Florence Foster Jenkins shows how those without talent can still succeed
There’s nothing more terrifying as an artist than the idea that everyone is just being nice. Most artists are hoping to entertain the audience with their genuine talent to justify what they see as a significant investment in their art. Without honest feedback, delusion can set in. In some cases, this can lead to large scale embarrassment. But then, large scale embarrassment can make for very popular entertainment.
American Idol was almost never about real talent—the most important parts of the show revolved around guffawing at the absurd and sad fantasies of the tone deaf. For every Kelly Clarkson, there were hundreds of William Hungs, shuffling away from fame with their heads down and their dreams crushed.
The American populace has a long history of enjoying artistic train wrecks, but often, after the laughter has subsided, the earnest effort is praised. Such is the story of Florence Foster Jenkins, a true story about one of America’s favorite bad performers. The film, and its subject, are overwhelmingly endearing.
It’s an excellent film after a summer of disappointing blockbusters, one that has limited appeal for wide audiences but entertaining in all the ways wide audiences never appreciate. Anyone that has even the slightest interest in the story should see it.
It’s no secret that money is insulating. A wall of wealth can obfuscate even the largest of character flaws. Take the current presidential race, for example. It’s very possible, even this far into the race, that no one has told Donald Trump that a border wall is an absurdly expensive and unrealistic solution to a nuanced, complex problem or that specially made gloves for tiny hands aren’t a sign of robust masculinity.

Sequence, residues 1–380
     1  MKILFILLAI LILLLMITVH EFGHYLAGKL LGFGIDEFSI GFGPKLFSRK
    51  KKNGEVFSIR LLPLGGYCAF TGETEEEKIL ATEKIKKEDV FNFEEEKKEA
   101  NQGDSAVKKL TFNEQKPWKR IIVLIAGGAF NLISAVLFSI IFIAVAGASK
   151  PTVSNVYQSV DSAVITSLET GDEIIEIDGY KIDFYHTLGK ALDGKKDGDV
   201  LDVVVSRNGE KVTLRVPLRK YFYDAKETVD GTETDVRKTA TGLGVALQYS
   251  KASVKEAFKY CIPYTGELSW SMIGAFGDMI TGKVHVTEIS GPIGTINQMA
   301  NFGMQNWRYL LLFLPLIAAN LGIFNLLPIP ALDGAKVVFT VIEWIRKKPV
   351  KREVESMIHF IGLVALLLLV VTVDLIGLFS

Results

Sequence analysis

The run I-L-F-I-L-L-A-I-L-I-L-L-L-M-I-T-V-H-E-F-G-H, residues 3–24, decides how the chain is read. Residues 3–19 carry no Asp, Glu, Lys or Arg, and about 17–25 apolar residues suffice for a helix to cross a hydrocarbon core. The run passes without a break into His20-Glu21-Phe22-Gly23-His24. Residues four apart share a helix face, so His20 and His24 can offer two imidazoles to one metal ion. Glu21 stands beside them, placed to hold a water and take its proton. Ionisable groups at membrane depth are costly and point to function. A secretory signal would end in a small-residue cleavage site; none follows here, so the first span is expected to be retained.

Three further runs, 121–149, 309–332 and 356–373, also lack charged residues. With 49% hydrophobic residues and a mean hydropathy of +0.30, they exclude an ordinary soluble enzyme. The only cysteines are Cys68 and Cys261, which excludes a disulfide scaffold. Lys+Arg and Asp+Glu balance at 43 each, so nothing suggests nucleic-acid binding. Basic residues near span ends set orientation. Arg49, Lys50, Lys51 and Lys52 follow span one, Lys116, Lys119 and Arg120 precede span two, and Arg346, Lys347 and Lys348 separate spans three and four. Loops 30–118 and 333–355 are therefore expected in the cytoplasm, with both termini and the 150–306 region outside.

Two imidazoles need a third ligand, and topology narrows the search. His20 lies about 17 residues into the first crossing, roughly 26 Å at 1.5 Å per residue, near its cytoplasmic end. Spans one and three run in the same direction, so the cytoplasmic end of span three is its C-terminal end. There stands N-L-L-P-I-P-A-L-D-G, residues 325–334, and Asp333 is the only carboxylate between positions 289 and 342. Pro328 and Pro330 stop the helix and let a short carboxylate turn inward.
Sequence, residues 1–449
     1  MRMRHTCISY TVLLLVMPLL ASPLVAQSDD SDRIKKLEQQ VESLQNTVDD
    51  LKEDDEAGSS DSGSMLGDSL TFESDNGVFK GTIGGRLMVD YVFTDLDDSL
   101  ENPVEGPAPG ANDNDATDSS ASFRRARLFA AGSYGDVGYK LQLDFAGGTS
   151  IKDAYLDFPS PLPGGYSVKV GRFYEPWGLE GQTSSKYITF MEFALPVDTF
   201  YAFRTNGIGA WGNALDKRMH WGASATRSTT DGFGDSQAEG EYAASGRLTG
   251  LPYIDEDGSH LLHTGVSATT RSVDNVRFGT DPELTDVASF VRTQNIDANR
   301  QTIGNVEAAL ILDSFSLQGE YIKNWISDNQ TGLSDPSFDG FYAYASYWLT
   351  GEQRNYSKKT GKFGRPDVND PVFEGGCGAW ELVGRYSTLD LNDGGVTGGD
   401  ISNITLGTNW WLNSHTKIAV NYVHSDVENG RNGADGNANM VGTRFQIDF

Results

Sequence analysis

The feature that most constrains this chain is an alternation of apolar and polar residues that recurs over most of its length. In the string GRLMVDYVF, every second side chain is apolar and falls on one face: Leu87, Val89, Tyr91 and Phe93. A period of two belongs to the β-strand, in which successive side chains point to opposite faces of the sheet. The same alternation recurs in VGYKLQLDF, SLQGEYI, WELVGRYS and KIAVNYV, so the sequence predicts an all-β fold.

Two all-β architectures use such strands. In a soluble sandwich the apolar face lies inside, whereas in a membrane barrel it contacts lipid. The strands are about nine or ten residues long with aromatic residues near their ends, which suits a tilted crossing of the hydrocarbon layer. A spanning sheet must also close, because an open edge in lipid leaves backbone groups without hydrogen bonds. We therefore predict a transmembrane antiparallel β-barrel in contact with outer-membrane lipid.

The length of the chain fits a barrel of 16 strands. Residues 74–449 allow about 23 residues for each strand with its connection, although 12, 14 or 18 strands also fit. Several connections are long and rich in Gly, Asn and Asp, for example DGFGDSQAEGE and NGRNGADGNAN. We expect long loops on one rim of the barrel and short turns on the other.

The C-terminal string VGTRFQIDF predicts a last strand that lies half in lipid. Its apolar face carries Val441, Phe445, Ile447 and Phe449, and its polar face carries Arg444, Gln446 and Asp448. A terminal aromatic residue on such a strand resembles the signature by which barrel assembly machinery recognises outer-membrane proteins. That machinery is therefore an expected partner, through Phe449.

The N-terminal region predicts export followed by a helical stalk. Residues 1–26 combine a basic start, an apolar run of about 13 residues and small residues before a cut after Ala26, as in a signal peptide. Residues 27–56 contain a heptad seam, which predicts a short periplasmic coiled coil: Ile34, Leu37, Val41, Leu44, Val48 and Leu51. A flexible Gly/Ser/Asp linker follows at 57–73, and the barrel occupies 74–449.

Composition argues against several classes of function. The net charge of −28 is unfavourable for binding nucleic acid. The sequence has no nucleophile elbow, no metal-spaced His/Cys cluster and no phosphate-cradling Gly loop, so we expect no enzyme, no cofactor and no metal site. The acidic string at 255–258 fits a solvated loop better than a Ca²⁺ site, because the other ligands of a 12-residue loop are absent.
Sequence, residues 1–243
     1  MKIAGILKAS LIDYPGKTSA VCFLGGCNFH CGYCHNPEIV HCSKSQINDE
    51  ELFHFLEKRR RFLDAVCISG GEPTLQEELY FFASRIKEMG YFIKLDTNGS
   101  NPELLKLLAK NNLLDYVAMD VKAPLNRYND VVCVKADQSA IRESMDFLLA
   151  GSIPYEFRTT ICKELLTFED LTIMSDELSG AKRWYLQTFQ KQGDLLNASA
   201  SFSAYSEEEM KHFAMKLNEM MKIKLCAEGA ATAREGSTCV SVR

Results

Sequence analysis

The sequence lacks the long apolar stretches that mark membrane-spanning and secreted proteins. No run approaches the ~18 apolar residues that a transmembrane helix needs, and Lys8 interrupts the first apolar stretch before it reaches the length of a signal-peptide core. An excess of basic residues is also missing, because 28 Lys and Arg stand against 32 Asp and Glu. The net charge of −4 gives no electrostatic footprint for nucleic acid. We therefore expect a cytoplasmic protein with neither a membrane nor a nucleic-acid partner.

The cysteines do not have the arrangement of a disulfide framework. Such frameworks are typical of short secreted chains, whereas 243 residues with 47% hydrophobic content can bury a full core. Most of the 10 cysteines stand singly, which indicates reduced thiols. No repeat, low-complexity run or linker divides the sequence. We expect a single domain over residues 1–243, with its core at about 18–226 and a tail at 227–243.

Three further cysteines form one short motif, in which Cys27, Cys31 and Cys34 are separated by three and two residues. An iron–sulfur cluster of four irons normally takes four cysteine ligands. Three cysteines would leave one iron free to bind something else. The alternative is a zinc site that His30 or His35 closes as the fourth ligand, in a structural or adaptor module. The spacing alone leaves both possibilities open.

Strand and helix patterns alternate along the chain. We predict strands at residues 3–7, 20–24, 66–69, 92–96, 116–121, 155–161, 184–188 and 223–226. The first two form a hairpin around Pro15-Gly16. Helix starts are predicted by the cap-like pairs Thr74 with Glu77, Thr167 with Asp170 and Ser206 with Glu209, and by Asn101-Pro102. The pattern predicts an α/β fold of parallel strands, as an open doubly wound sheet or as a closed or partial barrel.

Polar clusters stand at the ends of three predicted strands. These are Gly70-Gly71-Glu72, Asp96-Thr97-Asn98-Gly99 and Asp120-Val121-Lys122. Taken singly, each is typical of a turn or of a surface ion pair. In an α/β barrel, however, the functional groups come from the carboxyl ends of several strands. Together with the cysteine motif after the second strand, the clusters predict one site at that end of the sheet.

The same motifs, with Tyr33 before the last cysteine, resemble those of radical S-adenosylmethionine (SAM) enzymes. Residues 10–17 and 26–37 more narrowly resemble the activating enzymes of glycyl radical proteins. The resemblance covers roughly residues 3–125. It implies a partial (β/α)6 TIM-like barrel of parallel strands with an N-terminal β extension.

The rich spend a lot of money to hear what they want to hear when they want to hear it. Florence Foster Jenkins (Meryl Streep) was a wealthy music patron who performed often for the elite in New York City despite having very little talent. She did this, of course, because she had the money to do so and spread her wealth around enough that criticism was almost unheard of.
She is at once an eccentric—she prefers sandwiches and potato salad, fears pointed objects, distains alcohol, and has no self-awareness when it comes to her “talent.” She is a terrible singer. But she is also a tragic figure. Although she was a talented pianist who performed for the president, her father forbid her from pursuing her passion. She eloped with a doctor in protest and was married but then contracted syphilis at 18 on her wedding night from her new husband.
Later, she suffered an accident that caused nerve damage in her hands which ended her piano playing career. After understandably ending her first marriage, she married St.Clair Bayfield (Hugh Grant), an actor, who supported her pursuits and appeared to have loved her dearly, despite the occasional dalliance with younger women.
The film is a wonderful comedy and it’s hard not to laugh at the poor technique and flat notes from Jenkins, as well as the reactions from her accompanist Cosmé McMoon (Simon Helberg) as he tries to adjust for her amorphous grasp on tone and intonation. But there is a sweetness to Jenkins in that she isn’t performing for her ego, but in what appears to be a genuine desire to share her spirit with the audience.
She speaks many times about the importance of music, especially during times of war (the film is set during World War II). Her Carnegie Hall performance was booked to give returning soldiers an opportunity to forget their struggles and it can be argued that she succeeded in spades.
Whether the music community at the time found Jenkins as endearing as film maker Stephen Frears is anybody’s guess. But the film sees her strengths, especially as a patron for the arts, and forgives her many missed notes.
Of course, Jenkins was savaged by the critics of her day and it seems she took each poor review to heart. But with a little help from her friends, her love of music shined through. Florence Foster Jenkins is a great little film, one that very few people would stand up and walk out on. It’s certainly worth lending your ears for.